Avola says that she is particularly proud of the number of private bike shops in the area. “We aren’t a huge city, but we have quite a selection of specialized bike shops that are a great help to cyclists at all levels, helping them find the right bike, fitting them properly so they don’t suffer with sore hands or saddles, and organizing regular rides and fundraising events,” she enthuses.

Exploring Local Contours

Craig Holland, a Naples resident and massage therapist, is a keen cyclist who grew up here back when biking was a children’s pastime. “Now there are large groups of adults riding,” he advises. “For example, when NPC does their annual bike brunch, we get more than 400 riders, compared to when we first organized a ride, which attracted only 100 riders,” says Holland, who, like Smallwood, enjoys riding in bike-friendly European countries. “You can ride from city to city without coming in contact with cars,” he emphasizes.

Holland also relishes a good ride at least once a year on Sarasota’s Legacy Trail, built along more than 10 miles of former CSX railroad track that stretches from the Palmer Ranch, in Sarasota, to the historic Venice Train Depot, in Venice. Another ride on his annual list is the 34-mile Pinellas Trail, which starts in Tarpon Springs and ends in lower St. Petersburg. “I once started in downtown St. Pete, rode to Glen Eden, went to an art show, ate lunch and rode back,” he recalls.

The avid cyclist also bikes the Suncoast Trail, a co-located multi-use path next to the 42-mile-long Suncoast Parkway that currently extends from Tampa’s Veterans Expressway to U.S. Highway 98, near the Hernando-Citrus county line. Locally, he favors rides in Pelican Bay, along Gordon Drive and Port Royal, and up and down Crayton Road and Gulf Shore Boulevard. “From Olde Naples to Fort Myers and back is approximately 55 miles, a great weekend ride,” he advises.

Making Wheel-Based Connections

Holland and Avola are pleased to see an increase in the number of individuals who choose to ride their bike to the library, bookstore or cafés and restaurants to enjoy a cup of coffee or lunch. “The average trip around town is less than a mile, so riding a bike will help the environment and make the experience healthier and more enjoyable,” says Avola, who recommends hooking up with a local cycling club to meet other riders and learn about new trails or routes. “Clubs are particularly helpful when planning a trip to a new place,” she says.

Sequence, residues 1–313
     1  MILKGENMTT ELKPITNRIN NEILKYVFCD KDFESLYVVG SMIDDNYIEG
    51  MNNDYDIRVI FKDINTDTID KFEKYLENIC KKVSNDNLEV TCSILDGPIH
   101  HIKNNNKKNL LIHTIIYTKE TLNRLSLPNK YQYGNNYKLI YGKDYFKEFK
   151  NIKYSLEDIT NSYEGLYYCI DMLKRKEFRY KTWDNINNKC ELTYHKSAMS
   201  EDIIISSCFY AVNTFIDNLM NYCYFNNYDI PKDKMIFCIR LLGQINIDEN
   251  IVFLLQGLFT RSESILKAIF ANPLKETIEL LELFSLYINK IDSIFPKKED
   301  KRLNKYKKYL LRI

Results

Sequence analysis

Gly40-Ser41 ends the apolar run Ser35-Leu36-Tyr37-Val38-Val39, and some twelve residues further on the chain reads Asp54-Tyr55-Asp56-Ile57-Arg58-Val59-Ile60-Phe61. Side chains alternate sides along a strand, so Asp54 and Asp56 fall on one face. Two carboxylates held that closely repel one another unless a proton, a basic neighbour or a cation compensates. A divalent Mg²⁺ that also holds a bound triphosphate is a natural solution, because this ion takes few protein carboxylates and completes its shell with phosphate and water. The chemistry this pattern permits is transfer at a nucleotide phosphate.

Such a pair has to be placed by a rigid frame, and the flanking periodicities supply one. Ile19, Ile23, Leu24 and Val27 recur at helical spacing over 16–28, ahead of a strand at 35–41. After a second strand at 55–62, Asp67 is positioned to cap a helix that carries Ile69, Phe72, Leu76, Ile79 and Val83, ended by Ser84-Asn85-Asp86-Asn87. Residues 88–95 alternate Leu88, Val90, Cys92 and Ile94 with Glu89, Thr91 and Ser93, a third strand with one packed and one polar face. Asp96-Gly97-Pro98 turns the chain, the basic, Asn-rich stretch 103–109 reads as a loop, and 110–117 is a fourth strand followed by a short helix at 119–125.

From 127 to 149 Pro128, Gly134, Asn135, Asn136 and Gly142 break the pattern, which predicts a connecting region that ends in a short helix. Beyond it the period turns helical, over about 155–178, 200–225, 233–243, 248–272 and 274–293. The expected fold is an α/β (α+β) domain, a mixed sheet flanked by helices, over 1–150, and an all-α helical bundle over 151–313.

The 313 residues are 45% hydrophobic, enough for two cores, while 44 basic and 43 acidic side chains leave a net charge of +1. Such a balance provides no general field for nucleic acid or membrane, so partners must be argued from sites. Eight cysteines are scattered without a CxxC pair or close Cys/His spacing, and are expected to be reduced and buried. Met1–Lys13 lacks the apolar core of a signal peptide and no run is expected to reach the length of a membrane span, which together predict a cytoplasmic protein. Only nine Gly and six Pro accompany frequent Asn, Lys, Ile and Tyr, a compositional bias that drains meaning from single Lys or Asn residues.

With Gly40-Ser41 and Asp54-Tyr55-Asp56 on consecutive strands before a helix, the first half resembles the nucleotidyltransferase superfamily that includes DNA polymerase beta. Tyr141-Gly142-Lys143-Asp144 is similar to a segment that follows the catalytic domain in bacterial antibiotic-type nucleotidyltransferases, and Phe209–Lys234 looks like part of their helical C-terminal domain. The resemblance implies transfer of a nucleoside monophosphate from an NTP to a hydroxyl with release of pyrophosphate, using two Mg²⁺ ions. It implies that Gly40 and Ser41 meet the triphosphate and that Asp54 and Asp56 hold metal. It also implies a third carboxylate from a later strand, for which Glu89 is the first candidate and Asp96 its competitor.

Smallwood, a member of the Velo Group, 20 road cyclists organized by Naples Cyclery, rides twice a week with her biking friends. “We have a great sense of camaraderie and are focused on safety and taking care of each other,” she says, noting that no one gets left behind on the 20-plus-mile rides. “I see that more people who are aging are focused on maintaining their health and staying fit with the kind of overall exercise that biking offers,” advises Smallwood, adding that several are in her group, including two women who turned 70 this year. The pair embodies legendary road racing cyclist Lance Armstrong’s suggestion that birthdays don’t matter much anymore—they are out climbing mountains and participating in an Iron Man competition.

Could it be that the contours of the world—whether local neighborhoods or far-flung destinations—are more inspiring when experienced from a bicycle? If so, then this two-wheeled wonder offers us far more than green transportation and healthy exercise—it connects us, joyfully, to places and people.
 

For information about local biking trails and tours, including Naples, the beaches, East Bonita, Pelican Bay, Alva and Caloosahatchee Regional Park, and area tours of the Everglades and Lake Okeechobee Scenic Trail, visit www.TrekBikesFlorida.com. Also visit www.FloridaCycling.com.